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The Concretes: self-titled

Jon Goff

The Concretes

The Concretes

Label: Astralwerks
US Release Date: 2004-06-29
UK Release Date: 2004-06-21

The antiseptic rows of apartment buildings lining the streets of Stockholm illustrate a knack for synthesis, but the clean lines too easily overwhelm a lone woman leaving a bar on the sidewalk below. The curl of smoke from her cigarette begs to destroy the monotony. She walks like the genuine article. Like a cross between Diana Ross and Nico. At times, she gets it just right. At other times, she's still too far removed from the nuts and bolts of it all. The Supremes sweat a lot of blood into the Detroit night. Nico hung with Lou on the streets of an unimaginably gritty Manhattan. This woman is a fan and she sings beautifully, but that can only take you so far.

On the opening track of the Concretes self-titled Astralwerks debut, a Phil Spector death rattle echoes behind a wall of Velvet Underground guitar drone while a breathy, mumbling siren chides an estranged lover. "Say Something New" is unabashedly gunning for an aesthetic, and while it doesn't miss the mark, it does little to inform us as to the musical identity of the band in question. Who are these Swedes? As a band and a people they manufacture such beautiful things but tell us so little about themselves.

Whereas "Say Something New" re-creates the past directly, both "You Can't Hurry Love" and "Seems Fine" attempt to update the girl group sound with the feisty indie-rock guitars, horns, and hand claps most commonly found on a Beulah record. I checked it out, and Sweden has about 500 miles of West Coast. Put that together with the long polar evenings and it's not hard to imagine a healthy dose of summer fun. As you might have guessed by the title "You Can't Hurry Love" is one of two tracks on the album that pay tribute to Diana Ross. The other is simply titled "Diana Ross" and attempts to musically induce a "Love Hangover." Its mix of staccato rhythms and boozy sway leaves you appropriately weary. All of this material is spirited, pleasant, and grounded in the context of rock history, but I'm still wondering who it is I'm listening to.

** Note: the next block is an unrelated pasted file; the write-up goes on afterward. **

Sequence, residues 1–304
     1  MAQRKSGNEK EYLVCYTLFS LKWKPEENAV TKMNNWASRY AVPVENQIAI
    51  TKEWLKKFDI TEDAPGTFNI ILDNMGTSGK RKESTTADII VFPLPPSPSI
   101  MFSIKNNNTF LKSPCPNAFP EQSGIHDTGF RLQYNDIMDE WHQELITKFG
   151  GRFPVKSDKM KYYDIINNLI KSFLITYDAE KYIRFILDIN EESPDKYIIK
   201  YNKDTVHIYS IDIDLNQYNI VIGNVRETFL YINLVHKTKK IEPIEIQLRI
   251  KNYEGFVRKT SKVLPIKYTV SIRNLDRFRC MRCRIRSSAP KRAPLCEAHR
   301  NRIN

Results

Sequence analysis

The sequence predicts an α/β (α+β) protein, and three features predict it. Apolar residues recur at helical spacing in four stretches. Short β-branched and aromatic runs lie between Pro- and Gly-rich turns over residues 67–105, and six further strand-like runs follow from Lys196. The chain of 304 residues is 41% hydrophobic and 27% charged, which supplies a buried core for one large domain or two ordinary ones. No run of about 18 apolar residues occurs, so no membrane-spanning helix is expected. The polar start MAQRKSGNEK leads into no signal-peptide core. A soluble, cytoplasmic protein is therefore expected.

Matters aren't helped by "New Friend." It's an obvious homage to/rewrite of the Velvet's "Sunday Morning" complete with tambourine taps and pleasantly disinterested backing vocals. Unfortunately, the end of the album loses me entirely. The last three tracks continue to mix sultry female swagger, Motown orchestration and Velvet drone, but there is little connection between output and individual.

I would have given up long ago if it weren't for a glimmer of hope found midway through the album. There are two tracks, back-to-back, that succeed outside the boundaries of influence. "Warm Night" has an aesthetic all its own. The nostalgic melody of combined keyboards, guitars and vocals conjures images of grainy film and long goodbyes. It's a particularly European goodbye involving an unimaginably beautiful couple in the back of a lorry waving to their friends and family along the winding roads of the French countryside. The members of the Concretes are somewhere in that crowd watching the lovers disappear into the hills. I saw them, I know it. "Foreign Country" forgoes aesthetic and orchestration all together. Instead Victoria Bergsman's voice is the star and she sings magnificently over an insistent piano line. It's her without the encumbrance of history. But as quickly as they appeared, the Concretes are gone again, lost in the beautiful Swedish machine.

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